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In the wake of Superstorm Sandy, New York-based Con Edison has announced plans to invest $1 billion on storm protection measures over the next four years in New York City and Westchester County.

In addition to steps such as burying power lines and fortifying critical equipment in flood-prone areas, the utility's plans include the following:

- Redesigning two underground electrical networks in lower Manhattan and one serving coastal communities in Brooklyn. Con Edison says the new smart grid designs will allow the company to pre-emptively de-energize customers in flood-prone areas and restore power faster when floodwaters recede, while keeping customers in the surrounding areas with power.

- Installing hundreds of remote "smart" switches to isolate damaged equipment to help reduce the number of homes that lose power when a tree knocks down a power cable; and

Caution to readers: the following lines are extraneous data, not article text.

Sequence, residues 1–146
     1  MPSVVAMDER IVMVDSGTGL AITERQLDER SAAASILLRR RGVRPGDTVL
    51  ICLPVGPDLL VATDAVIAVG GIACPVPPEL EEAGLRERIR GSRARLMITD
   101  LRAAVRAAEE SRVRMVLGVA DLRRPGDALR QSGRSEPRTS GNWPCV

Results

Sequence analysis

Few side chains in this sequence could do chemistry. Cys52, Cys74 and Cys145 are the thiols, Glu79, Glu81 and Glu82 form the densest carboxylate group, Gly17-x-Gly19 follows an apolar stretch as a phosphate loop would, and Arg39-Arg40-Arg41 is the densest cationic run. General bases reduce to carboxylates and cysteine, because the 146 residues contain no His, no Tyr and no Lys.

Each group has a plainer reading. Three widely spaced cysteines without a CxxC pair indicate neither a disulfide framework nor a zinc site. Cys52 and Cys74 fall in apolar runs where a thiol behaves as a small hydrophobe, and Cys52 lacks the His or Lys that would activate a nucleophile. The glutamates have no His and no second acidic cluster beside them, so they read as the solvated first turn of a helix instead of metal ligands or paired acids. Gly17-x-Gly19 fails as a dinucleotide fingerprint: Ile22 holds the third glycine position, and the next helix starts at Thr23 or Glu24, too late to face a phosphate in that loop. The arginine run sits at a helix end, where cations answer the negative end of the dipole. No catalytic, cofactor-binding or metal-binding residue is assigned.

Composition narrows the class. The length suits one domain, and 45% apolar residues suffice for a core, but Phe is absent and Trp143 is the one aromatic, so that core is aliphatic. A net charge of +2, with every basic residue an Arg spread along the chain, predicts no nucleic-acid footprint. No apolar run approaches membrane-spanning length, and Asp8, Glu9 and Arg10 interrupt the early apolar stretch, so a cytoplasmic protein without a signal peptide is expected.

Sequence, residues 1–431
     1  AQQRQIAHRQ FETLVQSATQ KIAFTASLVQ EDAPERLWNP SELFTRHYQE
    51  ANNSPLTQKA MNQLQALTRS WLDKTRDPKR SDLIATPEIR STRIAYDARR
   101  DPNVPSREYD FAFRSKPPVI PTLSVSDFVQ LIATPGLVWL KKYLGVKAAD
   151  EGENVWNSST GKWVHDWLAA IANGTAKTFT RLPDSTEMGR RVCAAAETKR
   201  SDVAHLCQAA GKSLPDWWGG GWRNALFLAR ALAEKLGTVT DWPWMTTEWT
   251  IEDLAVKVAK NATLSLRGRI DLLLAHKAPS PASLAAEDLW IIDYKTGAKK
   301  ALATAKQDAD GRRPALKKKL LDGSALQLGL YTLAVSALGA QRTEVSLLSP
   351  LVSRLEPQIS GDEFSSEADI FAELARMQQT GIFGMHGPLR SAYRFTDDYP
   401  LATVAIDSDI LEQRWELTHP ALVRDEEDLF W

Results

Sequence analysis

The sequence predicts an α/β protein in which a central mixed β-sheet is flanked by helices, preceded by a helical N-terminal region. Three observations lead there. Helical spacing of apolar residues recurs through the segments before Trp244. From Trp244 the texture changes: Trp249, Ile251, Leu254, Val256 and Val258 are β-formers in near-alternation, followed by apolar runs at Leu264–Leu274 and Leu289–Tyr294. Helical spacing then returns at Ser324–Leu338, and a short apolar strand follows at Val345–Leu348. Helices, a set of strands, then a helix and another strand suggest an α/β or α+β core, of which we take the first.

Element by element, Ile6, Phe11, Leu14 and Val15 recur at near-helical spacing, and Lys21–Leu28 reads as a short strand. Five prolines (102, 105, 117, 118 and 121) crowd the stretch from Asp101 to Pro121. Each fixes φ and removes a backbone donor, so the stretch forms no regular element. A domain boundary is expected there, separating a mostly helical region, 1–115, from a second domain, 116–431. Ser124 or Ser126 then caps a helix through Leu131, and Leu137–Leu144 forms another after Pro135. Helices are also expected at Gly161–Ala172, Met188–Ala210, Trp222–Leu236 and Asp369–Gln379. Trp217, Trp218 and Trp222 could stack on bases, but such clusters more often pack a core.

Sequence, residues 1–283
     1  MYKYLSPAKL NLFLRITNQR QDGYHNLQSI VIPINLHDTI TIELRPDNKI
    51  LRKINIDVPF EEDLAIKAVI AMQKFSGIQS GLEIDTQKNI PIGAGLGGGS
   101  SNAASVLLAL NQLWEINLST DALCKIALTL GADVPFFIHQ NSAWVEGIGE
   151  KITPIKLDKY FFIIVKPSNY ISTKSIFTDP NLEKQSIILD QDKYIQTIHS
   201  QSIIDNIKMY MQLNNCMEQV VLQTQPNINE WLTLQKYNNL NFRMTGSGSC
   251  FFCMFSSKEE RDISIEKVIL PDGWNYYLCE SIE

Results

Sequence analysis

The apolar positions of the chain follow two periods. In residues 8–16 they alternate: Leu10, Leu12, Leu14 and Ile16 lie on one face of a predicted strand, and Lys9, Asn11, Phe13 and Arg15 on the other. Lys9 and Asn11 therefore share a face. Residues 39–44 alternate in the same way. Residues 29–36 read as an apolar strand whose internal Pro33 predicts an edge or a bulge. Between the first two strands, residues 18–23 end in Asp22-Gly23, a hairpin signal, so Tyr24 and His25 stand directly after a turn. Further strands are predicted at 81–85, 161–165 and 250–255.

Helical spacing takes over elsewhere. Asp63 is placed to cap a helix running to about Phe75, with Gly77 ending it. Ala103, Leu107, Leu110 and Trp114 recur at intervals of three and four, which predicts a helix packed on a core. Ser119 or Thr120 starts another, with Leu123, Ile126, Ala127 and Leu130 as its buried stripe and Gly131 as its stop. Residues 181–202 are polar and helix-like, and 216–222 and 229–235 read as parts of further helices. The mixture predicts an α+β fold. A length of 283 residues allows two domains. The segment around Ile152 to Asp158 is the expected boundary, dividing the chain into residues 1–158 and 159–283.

- Deploying thousands of overhead isolation devices to reduce customer outages and facilitate faster restoration.

"Sandy caused incredible damage to our energy delivery systems, disrupting the lives of millions of New Yorkers," says Con Edison Chairman and CEO Kevin Burke. "While we recognize that these weather events represent a 'new normal,' our goal through our investments is to lessen the hardships that violent weather causes for our customers."

Last year, Superstorm Sandy caused more than 1 million power outages in Con Edison’s service area, affecting approximately one-third of the utility's customers.

Con Edison has also announced it is investing $1.2 billion this year overall to upgrade its electric delivery system and enhance reliability for hot summer months.

System-wide improvements under way include installation of 31 network transformers, six new feeders and 207 overhead transformers, as well as reinforcement of 46 feeders, 100 underground sections and 250 overhead spans. Upgrades to two unit substations also are in progress.



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